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OnionPatch Donating Member (1000+ posts) Send PM | Profile | Ignore Mon Mar-29-10 08:25 AM
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Great-grandpa was a "staunch Democrat" but what does that mean?
If he lived today, I would applaud him, but he was born in 1853. My mother remembers in the thirties and forties, when he was very old, that her father and uncles used to try to waylay their father (great-grandpa) on election day so he wouldn't get to the polls and vote Democratic. Great-grandpa, according to her, was a jolly, friendly, lovable man that everyone was crazy about. The only point of contention was that he was a Democrat in a fairly Republican family. But what does it mean to have been a Democrat in the early 20th century? The family was/is from western PA, so (thankfully) he wasn't one of those "southern Democrats". I know his father fought for the Union in the Civil War. Great-grandpa was an architect and lived in Cuba for several years in the early 1900s, building resort homes there. His sons owned a hardware store and were Republicans. I just don't know history enough to understand what it meant to be a Democrat or Republican in those days. Anyone? :shrug:
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NOLALady Donating Member (1000+ posts) Send PM | Profile | Ignore Mon Mar-29-10 10:58 AM
Response to Original message
1. Records
that I've found for my black ancestors c. 1900 and before showed they were Republicans. One of them was killed in 1876 for being a "radical Republican" who was urging the community to vote. He was described as "a strong, influential and tolerant partisan of the Republican party, and was especially obnoxious to resident Democrats on the Island." This may give you and idea.

An excerpt:
The Ouachita Telegraph
Friday, December 1, 1876
Page 2, Column 5
We give below a sample of the Radical testimony presented before the
Returning Board relative to the late canvass. Both of the witnesses are
negroes, but swear with the endorsement of their white leaders. The report
is copied from the New Orleans Democrat, that in the Republican is tenfold
more virulent:

Wells announced that the Ouachita case would be taken up. The
Democratic Committee protested on the ground that it had been agreed that East Baton
Rouge should be the first contested parish considered. Wells declared the
ruling of the board changed. The witnesses were ordered to be brought in.
Frank Morey, of the Republican State Committee, said that it was the
intention of the Republican counsel to prove intimidation by the Democrats;
that negroes were threatened with death if they did not vote the Democratic
ticket; that the white Republican leaders were murdered; that the citizens
massed at the different boxes, and that the negroes were intimidated into
voting Democratic.

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OnionPatch Donating Member (1000+ posts) Send PM | Profile | Ignore Mon Mar-29-10 12:08 PM
Response to Reply #1
2. It does seem that the Republicans were the progressives of the day
in the later half of the least I think. Certainly Lincoln was nearly the opposite of the Republicans you witness today. But if that's so, when did things change so that the Democrats were the party of FDR in the thirties? I know great-grandpa voted for FDR.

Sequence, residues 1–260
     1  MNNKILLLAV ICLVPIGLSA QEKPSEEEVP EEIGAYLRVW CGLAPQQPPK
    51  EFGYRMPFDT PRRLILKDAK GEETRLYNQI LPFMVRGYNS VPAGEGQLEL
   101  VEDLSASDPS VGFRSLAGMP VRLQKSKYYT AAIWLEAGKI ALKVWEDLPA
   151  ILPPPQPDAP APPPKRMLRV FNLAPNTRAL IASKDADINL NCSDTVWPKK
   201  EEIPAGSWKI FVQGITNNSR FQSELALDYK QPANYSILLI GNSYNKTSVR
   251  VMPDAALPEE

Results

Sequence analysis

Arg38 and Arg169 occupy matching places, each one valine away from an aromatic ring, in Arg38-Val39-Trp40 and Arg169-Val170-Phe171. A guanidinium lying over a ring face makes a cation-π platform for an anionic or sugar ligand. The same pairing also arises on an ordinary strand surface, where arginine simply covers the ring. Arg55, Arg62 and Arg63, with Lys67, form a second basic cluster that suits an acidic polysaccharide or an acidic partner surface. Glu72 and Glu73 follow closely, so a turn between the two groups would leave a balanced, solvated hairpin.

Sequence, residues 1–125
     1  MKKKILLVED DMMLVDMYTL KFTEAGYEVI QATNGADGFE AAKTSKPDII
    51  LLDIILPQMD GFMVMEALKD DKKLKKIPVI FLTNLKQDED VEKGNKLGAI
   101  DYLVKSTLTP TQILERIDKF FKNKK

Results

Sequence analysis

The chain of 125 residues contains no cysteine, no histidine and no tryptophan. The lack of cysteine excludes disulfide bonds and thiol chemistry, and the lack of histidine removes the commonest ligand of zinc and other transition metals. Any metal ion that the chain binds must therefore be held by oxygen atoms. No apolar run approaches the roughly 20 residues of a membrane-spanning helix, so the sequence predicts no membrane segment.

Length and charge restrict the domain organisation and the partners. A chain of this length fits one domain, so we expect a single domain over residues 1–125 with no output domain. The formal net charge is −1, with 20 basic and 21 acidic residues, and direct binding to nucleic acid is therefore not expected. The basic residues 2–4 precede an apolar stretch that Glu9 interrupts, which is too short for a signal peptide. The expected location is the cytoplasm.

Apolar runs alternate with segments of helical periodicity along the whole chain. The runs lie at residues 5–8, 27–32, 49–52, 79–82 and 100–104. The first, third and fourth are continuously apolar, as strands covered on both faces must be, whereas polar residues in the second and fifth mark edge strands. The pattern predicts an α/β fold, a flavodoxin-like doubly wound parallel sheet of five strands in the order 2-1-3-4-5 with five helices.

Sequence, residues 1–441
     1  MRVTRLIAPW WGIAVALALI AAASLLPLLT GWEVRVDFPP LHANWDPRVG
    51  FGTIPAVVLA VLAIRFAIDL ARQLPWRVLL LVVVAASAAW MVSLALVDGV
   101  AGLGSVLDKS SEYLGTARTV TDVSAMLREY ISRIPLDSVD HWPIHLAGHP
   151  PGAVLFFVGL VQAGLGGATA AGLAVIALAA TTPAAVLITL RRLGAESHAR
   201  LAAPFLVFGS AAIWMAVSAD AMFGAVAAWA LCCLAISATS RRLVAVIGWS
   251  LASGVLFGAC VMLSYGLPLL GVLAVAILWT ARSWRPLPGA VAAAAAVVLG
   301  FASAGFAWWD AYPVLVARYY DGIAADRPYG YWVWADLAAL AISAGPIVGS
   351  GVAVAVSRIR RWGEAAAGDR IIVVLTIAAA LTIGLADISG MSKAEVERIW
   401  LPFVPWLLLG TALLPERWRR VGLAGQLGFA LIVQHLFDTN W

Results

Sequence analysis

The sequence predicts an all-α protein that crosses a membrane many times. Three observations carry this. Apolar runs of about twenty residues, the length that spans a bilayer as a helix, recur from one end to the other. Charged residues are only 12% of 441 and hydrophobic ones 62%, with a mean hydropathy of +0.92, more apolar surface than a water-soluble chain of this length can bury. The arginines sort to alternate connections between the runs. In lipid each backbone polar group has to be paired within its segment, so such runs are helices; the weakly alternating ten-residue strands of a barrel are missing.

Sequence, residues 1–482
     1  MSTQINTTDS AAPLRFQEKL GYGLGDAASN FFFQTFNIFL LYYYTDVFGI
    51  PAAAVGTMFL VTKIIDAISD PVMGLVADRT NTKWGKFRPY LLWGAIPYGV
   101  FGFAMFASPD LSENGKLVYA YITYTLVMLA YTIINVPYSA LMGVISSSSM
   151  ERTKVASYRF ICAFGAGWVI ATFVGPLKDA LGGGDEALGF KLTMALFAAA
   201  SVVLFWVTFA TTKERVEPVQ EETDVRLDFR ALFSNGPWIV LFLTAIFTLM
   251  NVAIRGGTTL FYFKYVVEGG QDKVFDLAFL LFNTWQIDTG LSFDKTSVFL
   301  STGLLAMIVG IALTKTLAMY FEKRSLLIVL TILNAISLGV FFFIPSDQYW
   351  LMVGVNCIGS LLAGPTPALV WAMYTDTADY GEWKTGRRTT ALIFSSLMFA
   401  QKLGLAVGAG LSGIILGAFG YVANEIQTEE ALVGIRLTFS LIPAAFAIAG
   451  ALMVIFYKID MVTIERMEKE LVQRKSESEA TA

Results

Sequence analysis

I definitely need to read up on some political history.

Too bad your ancestor had to die for his beliefs. :( I hereby offer my apologies for any ass-holish ancestors I had that may have caused yours troubles. At least they were on the right (or should I say 'correct') side of the Civil War.
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NOLALady Donating Member (1000+ posts) Send PM | Profile | Ignore Mon Mar-29-10 12:29 PM
Response to Reply #2
3. Actually,
He was an elder brother of my direct ancestor. My direct ancestor (along with the wife and daughter of the victim) was sent to New Orleans for safety after the shooting.

No apologies necessary. I have ancestors who fought on both sides.
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sybylla Donating Member (1000+ posts) Send PM | Profile | Ignore Wed Mar-31-10 08:14 AM
Response to Reply #2
4. If I recall my history well enough
the transition in philosophies between the two parties took place at the end of the 1800's at the instigation of Teddy Roosevelt. The fallout over protecting corporate fat cats (the robber barons) and their representative corporate entities cleaved the progressives from the Republican party, who tried to establish their own party and then ended up inside the Democratic party by 1910.

That said, I have a Democratic friend who grew up in Florida as a staunch Republican, even working for a Republican legislator there in the early 70's. He says that in the south, the Republican party at that point was considered the progressive party as they had fought for abolition and civil rights. The southern Dems had fought against civil rights.

So, what being a staunch Democrat means depends on a lot of things. But in the era of your ancestor, it probably meant they supported the old "states rights" question in regard to slavery and probably passed through the Civil War in support of secession.
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dgibby Donating Member (1000+ posts) Send PM | Profile | Ignore Sat May-29-10 11:05 AM
Response to Reply #2
6. Not my Virginia Republican ancestors!
Lots of adjectives to define them, but "progressive" certainly wasn't one of them!